Meta-analyses (Palmatier, Dant et al. 2006) (see diagram 1) had found that to win customers for life, organizations have to continuously build trust, commitment , satisfying and quality relationships with their customers.
To achieve these, your company must possess expertise in every aspect of the service value-chain, as well as demonstrate your willingness to invest in building a long-term relationship with the customer, be it people, time or money.
Customers will always look for some special treatment (relational benefits) when deciding whether or not, how much and how long they would patronize your services. To facilitate this decision making, frequent interactions with them is necessary to understand their priorities, expectations and which part of the service process/value- chain you can best make a difference (where they need help most).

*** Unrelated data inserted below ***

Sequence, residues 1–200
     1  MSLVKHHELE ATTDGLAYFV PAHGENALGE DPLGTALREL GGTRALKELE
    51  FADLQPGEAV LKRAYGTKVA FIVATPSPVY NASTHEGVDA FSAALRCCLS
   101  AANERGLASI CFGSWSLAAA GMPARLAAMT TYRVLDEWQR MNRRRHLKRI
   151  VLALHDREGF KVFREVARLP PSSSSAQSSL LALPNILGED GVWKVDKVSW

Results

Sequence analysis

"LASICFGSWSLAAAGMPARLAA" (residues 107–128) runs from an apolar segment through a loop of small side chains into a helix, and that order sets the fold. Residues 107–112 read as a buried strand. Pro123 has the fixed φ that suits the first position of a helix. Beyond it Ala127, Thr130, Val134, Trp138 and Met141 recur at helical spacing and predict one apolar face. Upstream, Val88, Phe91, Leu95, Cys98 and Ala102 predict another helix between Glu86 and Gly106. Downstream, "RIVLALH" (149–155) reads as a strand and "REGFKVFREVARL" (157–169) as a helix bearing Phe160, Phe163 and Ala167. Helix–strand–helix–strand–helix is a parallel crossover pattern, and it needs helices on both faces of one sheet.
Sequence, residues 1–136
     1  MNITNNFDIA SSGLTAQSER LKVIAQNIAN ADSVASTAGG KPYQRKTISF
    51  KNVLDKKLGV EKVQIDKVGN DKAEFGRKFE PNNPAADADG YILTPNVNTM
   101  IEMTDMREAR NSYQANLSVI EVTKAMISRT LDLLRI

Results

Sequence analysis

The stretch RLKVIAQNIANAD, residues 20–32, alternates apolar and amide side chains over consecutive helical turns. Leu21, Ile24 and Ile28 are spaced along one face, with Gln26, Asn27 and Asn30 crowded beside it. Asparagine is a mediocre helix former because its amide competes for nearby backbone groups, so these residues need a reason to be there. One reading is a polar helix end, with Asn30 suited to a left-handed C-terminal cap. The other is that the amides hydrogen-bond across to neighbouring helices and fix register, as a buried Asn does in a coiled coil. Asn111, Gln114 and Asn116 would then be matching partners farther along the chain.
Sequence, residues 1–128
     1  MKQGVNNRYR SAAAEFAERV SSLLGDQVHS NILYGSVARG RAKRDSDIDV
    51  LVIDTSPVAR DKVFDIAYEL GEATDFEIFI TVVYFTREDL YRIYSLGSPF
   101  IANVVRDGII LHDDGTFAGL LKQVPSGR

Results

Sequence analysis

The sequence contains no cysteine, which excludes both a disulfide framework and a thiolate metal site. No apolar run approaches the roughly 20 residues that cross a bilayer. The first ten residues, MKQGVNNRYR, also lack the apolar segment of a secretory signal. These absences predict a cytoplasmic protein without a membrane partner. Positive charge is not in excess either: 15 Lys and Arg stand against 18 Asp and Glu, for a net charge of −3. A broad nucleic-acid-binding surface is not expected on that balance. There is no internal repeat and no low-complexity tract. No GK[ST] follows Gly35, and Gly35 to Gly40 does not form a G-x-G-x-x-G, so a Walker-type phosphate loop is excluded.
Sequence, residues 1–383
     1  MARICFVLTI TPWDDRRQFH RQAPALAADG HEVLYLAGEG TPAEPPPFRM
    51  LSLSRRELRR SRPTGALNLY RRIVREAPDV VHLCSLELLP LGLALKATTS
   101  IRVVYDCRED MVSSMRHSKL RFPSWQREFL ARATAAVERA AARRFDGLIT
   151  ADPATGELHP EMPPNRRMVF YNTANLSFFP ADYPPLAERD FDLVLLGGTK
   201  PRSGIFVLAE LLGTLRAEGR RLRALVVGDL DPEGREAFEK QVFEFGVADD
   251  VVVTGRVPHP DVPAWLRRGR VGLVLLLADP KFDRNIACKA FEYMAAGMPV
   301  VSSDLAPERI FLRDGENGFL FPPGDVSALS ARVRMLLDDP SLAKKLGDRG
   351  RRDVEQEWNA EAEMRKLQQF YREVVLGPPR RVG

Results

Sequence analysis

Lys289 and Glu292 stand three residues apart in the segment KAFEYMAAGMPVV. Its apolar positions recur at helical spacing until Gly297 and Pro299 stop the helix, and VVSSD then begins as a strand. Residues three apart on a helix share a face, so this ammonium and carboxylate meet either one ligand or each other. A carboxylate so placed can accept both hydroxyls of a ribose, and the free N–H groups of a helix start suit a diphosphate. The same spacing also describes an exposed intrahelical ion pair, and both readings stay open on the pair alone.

Of course, for the above to occur, the conditions are also that both your customer and your company have an existing commercial relationship, share certain similar values, are open to communications and will compromise for conflict resolution.